After four years in Limassol, the bass player and manager of one of Europe’s three largest rock bands remains resourceful and relentless. THEO PANAYIDES meets a man who has achieved staggering success singing about something that matters
Par Sundstrom has done this before. A Google search on the bass player of Swedish heavy-metal band Sabaton takes me to an interview he did with Metal Blast during the press tour for Sabaton’s album The Great War in 2019, during which he informs the journalist that their interview is one of about 400 interviews scheduled for that tour. “For [previous album] The Last Stand I did 350 interviews for Europe, but spread out throughout 12 months. Now it’ll be 400 in one month,” he mused at the time. Our own conversation may be slightly unusual in that it takes place in Limassol, where he’s lived for the past four years; still, it’s fair to say my questions hold no secrets for him.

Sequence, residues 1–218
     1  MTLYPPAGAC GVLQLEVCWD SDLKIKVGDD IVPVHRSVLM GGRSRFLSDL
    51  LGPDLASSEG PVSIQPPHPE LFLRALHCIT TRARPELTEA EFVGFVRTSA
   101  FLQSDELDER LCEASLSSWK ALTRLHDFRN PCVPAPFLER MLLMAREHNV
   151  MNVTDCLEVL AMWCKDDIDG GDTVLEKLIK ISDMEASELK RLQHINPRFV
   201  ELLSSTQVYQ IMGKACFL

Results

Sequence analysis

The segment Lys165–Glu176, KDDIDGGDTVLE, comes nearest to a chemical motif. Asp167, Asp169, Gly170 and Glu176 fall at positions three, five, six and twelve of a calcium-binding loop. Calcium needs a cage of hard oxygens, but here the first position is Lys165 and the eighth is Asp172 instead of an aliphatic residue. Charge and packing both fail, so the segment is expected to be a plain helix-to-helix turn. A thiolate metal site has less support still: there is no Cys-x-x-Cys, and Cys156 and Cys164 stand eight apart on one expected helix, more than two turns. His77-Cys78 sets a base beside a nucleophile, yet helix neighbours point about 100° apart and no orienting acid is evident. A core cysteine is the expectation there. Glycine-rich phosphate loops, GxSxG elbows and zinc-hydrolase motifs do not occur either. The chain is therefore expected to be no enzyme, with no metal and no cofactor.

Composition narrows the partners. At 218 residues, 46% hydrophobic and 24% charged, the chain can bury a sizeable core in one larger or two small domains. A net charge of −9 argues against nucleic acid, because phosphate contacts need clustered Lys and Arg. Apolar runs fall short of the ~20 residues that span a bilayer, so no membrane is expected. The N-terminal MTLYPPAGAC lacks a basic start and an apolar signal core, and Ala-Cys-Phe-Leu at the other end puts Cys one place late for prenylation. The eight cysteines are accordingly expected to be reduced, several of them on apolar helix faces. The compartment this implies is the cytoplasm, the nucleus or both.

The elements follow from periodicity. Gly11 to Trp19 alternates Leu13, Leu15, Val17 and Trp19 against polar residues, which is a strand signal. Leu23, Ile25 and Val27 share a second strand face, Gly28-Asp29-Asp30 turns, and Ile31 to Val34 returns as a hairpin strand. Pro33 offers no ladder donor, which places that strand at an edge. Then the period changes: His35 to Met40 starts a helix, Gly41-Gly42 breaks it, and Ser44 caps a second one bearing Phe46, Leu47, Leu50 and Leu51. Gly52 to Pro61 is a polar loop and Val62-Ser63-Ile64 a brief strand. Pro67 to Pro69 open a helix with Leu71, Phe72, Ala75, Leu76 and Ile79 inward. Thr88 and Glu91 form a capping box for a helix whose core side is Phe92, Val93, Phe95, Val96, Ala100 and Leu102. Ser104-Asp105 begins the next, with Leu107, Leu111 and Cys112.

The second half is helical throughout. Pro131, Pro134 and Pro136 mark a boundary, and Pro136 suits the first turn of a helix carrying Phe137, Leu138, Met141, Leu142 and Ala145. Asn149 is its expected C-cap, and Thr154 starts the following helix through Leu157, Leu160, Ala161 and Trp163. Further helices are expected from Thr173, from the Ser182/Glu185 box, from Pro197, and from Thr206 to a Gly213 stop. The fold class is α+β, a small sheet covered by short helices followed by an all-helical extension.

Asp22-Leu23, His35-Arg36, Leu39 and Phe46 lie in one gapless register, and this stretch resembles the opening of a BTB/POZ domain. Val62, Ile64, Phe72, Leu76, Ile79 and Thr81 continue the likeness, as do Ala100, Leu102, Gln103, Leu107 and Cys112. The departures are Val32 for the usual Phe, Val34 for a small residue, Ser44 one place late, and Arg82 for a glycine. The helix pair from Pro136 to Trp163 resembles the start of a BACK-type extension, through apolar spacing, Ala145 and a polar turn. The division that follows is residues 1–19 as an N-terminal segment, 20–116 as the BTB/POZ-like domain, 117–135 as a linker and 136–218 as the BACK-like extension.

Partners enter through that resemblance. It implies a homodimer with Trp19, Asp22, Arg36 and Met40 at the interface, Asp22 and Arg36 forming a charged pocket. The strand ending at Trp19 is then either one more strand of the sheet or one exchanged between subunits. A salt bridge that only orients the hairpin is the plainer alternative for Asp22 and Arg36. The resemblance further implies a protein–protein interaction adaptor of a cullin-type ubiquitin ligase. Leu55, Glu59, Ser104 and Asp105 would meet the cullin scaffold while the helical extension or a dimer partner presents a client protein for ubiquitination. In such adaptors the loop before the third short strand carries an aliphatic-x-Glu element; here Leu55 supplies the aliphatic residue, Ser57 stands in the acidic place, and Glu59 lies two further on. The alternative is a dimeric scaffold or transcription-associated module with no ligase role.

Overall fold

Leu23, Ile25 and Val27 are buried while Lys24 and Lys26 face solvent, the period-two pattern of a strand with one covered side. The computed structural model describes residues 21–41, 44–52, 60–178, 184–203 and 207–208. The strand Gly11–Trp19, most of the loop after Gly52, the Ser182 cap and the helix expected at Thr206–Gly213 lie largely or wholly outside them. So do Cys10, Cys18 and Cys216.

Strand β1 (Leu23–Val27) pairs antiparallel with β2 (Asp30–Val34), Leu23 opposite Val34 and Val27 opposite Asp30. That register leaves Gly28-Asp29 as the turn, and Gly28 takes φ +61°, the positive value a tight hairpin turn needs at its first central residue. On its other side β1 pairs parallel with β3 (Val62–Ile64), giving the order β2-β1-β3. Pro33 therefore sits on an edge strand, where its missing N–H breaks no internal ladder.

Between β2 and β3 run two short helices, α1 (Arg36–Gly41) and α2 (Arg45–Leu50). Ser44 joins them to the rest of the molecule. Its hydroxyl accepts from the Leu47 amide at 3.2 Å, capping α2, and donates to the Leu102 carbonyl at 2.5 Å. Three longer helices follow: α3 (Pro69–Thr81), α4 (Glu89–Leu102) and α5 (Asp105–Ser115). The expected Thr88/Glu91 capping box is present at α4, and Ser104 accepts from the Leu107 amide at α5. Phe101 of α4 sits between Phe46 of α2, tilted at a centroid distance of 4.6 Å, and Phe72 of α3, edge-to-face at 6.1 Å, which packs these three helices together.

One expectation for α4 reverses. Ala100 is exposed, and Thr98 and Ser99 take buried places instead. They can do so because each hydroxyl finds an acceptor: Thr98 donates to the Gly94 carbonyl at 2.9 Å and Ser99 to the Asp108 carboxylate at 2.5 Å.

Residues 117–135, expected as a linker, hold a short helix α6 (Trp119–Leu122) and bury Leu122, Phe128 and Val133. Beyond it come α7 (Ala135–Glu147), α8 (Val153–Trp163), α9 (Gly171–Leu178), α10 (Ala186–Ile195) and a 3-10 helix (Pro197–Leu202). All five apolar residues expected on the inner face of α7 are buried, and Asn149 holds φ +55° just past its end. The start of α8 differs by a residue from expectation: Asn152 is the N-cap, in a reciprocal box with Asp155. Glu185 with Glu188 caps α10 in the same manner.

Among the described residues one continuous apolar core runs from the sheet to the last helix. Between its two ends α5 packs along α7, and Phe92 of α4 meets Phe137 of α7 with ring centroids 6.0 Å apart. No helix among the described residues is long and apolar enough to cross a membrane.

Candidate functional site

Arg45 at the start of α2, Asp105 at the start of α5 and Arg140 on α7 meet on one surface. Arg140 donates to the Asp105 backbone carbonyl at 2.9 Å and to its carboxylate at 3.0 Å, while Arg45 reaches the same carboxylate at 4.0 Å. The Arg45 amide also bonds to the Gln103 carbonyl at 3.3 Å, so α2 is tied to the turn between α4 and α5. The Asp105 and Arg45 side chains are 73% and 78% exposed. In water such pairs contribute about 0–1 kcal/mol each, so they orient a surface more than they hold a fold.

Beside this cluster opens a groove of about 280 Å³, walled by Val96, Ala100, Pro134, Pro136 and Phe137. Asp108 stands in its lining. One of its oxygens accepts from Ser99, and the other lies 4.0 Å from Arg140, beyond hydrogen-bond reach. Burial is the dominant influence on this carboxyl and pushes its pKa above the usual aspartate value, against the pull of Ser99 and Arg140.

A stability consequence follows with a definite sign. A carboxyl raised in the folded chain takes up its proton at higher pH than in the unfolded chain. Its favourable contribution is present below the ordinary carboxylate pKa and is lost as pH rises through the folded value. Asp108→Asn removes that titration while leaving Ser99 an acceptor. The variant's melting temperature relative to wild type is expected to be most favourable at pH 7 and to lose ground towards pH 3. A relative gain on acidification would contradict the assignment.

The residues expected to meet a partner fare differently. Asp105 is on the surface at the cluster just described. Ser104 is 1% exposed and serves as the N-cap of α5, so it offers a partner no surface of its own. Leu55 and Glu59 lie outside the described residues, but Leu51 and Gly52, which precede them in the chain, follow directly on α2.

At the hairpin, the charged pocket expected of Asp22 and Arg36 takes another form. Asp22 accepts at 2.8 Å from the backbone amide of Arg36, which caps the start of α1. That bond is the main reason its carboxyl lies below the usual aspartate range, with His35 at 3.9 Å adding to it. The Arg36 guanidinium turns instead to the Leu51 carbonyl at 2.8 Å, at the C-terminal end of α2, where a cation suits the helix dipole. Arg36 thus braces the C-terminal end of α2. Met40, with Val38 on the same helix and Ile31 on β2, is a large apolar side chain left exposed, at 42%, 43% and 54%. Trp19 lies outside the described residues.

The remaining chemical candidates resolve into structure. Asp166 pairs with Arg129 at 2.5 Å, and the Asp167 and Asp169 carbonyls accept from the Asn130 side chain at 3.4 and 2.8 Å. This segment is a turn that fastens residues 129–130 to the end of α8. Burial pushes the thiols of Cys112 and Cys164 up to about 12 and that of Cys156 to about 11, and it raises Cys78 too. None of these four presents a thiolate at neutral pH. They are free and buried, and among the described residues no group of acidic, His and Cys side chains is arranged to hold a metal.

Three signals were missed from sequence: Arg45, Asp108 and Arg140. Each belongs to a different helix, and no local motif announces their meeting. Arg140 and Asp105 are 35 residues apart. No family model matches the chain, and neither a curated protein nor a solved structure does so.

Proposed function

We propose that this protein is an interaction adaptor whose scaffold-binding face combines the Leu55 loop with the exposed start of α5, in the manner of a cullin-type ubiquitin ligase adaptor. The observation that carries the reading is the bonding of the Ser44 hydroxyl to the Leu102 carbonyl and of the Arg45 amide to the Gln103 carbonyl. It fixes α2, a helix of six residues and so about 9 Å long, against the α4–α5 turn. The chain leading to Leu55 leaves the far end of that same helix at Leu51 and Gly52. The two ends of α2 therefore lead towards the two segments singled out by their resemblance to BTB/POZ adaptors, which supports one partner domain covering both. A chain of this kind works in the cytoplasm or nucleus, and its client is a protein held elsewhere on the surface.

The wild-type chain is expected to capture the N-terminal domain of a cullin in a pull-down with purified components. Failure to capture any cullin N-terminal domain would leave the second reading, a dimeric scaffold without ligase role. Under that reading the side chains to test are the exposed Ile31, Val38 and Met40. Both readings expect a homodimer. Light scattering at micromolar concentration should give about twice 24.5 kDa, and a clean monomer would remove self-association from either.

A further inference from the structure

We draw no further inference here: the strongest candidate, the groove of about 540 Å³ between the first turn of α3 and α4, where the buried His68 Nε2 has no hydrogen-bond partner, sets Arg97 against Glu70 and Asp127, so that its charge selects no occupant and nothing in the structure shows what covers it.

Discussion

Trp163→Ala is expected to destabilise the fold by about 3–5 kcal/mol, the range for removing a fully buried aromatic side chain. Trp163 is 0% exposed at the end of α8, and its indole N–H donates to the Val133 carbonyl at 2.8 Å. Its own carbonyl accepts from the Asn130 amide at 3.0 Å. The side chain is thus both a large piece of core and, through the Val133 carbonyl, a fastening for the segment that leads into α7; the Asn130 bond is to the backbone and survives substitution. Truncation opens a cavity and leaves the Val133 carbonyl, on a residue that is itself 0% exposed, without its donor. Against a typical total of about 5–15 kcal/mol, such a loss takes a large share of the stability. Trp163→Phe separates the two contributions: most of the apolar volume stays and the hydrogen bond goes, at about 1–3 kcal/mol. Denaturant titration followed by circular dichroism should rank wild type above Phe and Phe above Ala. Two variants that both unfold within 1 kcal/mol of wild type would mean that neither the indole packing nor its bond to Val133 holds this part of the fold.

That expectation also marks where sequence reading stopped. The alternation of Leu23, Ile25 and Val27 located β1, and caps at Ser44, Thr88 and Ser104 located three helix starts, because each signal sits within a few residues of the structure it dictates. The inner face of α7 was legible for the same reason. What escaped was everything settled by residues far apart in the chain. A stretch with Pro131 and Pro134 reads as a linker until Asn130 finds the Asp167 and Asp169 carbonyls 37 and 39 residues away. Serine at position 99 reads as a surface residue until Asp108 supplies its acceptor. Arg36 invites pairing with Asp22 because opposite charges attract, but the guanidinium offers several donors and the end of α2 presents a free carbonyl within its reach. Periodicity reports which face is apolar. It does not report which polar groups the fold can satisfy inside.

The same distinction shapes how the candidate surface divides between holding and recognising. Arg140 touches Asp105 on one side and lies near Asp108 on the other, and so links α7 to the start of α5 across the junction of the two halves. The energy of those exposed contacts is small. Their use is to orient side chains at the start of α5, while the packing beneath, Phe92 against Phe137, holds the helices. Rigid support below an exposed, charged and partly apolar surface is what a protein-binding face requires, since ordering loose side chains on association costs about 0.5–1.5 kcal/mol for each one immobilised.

Everyone asks about the same stuff, after all: Sabaton’s enormous success – “I think today we’re counted as one of the top three biggest bands in Europe, in rock music” – and their highly distinctive songs, which are all about historical events and, especially, war. (Par’s private life is largely off the table, though he admits to being married since about a year ago.) That said, I do have a slight advantage over other journalists – because we talk just a few days before June 8, which happens to be his 40th birthday. Surely this significant milestone is even more significant for a rock star? Surely the segue from youth to middle age is even more momentous when your career depends on writing high-energy songs and playing them at ear-splitting volume – around 80 concerts a year, in a normal year – on stages all over the world?